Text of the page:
View Single Post
01-21-2013, 05:56 PM
Global Moderator
Killion's Avatar
Join Date: Feb 2010
Location: Pacific NW
Country: Canada
Posts: 21,240
vCash: 500
Originally Posted by Mike Farkas View Post
It's almost seems like stats got involved in development one day..."ok, we just need to find a way to stop 9 out of 10 shots" - it's effective but it has no upside. Like C1958 said, it's the lowest common denominator, it produces cookie cutter goaltenders... I just wish I was old enough to have seen the evolution of the position and understood how it came to be this way. It's hard to grasp when I just start watching a game from the 70's or whatever, there's no context to what I'm watching....
Well, perhaps I can help, as I came up playing through all 3 styles, Floppers, Stand-Up & Butterfly, whereby elements of all 3, based on the individuals strengths were taught, employed. I had 3 major Goalie Coaches as a kid, the first being Ed Chadwick, who despite his size, was absolutely a Flopper as a player, though as a Coach also a student of the position who understood & could convey/teach elements of Stand-Up & the Butterfly. He'd of course played in an earlier era (pre-slapshot) & was still playing when I knew him (albeit in the minors & Sr. by that time). So as his pupil, you'd take the best of his Flopper game along with elements of Stand-Up & BF. He'd studied Hall, youd be remiss & foolish not to have done so, borrowed from him (which we did, but only on dekes, scrambles in front when youd lost site of the puck, making yourself "big" because you didnt know where the shot was coming from if at all)..

Chadwicks instructions were followed by Plante, the man himself, who by this time had fully developed the Stand Up, playing the angles, economy of motion to a fine art & science. Again, as the student, youd take parts of his teachings & game, reject others that didnt work for you as an individual in-play, be it due to size & or physiological constraints, perhaps difference from a psychological perspective or whatever. Youd simply take bits & pieces from the Flopper to Stand Up to Halls' Butterfly, make them your own, unique, similar but "different". Jim Rutherford was another Coach, who only through force of will & hardwork ever made to the NHL. He'd been taught by Bower & others, those reservoirs of knowledge opened to another generation through Lil' Jimmy & so on. A couple of other Coaches as well, former Minor Pro players from the 40's & 50's who wouldve learned from the guys who played in the teens, 20's & 30's & so on.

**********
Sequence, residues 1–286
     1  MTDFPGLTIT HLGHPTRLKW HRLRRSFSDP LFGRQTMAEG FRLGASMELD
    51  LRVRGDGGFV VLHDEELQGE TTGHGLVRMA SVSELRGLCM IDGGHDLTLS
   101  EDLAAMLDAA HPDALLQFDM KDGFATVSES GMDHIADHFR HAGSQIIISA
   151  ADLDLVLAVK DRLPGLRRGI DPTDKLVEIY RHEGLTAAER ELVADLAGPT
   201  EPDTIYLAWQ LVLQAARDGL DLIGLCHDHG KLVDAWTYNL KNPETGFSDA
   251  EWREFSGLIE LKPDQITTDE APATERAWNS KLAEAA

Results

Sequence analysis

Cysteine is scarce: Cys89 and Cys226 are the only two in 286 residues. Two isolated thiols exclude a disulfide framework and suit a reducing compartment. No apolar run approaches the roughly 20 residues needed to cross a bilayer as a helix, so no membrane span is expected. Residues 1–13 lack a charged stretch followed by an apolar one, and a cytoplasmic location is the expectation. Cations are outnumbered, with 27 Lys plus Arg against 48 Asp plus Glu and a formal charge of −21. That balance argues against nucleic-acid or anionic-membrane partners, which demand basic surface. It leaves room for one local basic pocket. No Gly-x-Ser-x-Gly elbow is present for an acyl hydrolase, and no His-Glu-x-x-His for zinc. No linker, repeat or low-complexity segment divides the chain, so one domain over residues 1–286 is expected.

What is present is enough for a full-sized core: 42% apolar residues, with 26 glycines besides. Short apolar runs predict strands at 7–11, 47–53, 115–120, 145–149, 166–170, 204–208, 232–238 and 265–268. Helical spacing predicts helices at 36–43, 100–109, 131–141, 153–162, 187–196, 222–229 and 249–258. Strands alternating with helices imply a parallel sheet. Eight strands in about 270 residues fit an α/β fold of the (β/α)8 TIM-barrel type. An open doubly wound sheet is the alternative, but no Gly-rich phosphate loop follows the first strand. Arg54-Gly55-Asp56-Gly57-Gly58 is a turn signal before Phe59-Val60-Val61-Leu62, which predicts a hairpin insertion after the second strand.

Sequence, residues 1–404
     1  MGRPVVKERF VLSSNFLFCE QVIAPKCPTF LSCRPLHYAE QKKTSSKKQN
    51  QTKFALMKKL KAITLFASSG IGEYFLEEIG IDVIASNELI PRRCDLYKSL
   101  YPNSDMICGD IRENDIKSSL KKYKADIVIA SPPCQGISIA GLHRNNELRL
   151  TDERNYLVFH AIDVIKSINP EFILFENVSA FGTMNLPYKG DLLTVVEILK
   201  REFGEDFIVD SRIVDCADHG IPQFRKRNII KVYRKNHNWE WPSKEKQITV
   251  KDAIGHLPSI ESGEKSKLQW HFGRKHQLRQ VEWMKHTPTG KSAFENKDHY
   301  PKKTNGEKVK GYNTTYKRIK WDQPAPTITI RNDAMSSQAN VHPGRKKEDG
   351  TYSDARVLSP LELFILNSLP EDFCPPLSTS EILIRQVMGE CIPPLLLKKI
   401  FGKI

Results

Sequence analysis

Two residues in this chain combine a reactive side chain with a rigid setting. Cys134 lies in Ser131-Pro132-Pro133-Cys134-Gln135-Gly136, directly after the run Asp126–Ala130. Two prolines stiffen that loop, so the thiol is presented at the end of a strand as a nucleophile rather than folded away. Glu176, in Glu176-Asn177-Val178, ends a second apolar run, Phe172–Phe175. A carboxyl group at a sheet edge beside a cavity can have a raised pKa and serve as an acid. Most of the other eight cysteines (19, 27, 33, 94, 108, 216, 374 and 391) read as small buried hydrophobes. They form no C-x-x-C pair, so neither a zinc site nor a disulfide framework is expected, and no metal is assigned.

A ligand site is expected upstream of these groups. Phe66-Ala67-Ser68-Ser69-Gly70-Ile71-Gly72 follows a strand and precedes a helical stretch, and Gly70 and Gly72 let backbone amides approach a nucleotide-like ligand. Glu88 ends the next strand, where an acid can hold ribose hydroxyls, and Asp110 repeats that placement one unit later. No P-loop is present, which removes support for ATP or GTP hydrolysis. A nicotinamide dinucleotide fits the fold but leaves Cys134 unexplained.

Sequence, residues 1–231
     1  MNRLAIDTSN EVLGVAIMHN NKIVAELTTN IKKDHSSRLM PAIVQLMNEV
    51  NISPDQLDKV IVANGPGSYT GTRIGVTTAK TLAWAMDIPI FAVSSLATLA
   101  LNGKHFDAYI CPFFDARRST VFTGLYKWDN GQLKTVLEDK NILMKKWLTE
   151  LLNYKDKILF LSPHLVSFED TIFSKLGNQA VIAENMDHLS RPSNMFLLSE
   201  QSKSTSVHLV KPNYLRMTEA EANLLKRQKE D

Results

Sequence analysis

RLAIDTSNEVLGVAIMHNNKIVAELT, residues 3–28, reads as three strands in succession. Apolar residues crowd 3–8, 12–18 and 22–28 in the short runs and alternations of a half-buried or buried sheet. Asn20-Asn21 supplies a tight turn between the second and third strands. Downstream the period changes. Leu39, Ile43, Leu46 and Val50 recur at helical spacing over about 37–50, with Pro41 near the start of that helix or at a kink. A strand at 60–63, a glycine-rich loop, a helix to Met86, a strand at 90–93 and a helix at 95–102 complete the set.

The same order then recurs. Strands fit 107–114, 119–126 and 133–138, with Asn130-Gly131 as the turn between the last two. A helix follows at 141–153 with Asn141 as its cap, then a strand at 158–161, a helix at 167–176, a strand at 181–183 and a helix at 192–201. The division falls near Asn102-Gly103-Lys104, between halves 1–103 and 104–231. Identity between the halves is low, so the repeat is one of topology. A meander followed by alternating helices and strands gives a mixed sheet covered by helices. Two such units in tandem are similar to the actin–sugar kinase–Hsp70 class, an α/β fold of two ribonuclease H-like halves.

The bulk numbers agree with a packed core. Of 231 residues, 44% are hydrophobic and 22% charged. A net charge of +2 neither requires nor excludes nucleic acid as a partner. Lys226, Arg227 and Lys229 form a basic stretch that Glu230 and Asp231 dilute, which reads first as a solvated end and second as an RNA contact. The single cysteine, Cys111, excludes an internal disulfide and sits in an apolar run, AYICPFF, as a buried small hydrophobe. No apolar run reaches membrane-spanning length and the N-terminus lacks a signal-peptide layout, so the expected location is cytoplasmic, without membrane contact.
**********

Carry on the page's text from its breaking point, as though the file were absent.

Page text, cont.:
Now, before I go on, its important to put the manner in which the game was being played at that time into perspective, which was basically "Laneway Hockey". Defenceman didnt join the rush or lead it much, Wingers played their Wings up & down rarely venturing beyond maybe 15' out from the boards. Think of a tabletop hockey board. Your Defence can only be moved to the opposing sides Blue Line on a straight groove, your Forwards also on straight lanes with an arc into the left or right corner, your Centre stopping in front of the net in between the faceoff circle hashmarks. No East-West or lateral movement allowed. With Orr's arrival coinciding with rapid over-expansion, the WHA, then the 72 Summit Series, the way the game was played over the next decade of the 70's had changed forever, goaltending playing catchup until really the mid to late 80's but through the late 60's to about 87 you could move your Goalie not only East West but now so too North South, playing the angles.

By the mid to late 80's, that tabletop hockey board now featured grooves for the forwards & defenceman to play all over the surface in constant cycles, and if you wanted to beat them, Left Wing Lock & Neutral Zone Traps the only way to do so, which in combination with the composite sticks (everyone now has a deadly shot, not everyone accurate but none the less, deadly), the game played in cycles by bigger, faster & stronger players, absolutely no way you could play Stand Up exclusively with elements of Flopper & BF included in your tool box. Kirk McClean was probably the last of that kind, though guys like Brodeur & to a lesser extent Thomas & Smith in Phoenix do employ elements of it when required. On the whole however, Goaltenders are taught to "block" as opposed to "save", size critical, and were back to the future, Ed Chadwicks era & earlier, whereby the goalie on your tabletop hockey board no longer is capable of moving out, North South. They still love it, enjoy it & playing the position just as much if not more in some cases than those who came earlier, but that "old bag of tricks", long gone.

Last edited by Killion: 01-21-2013 at 06:04 PM.
Killion is offline   Reply With Quote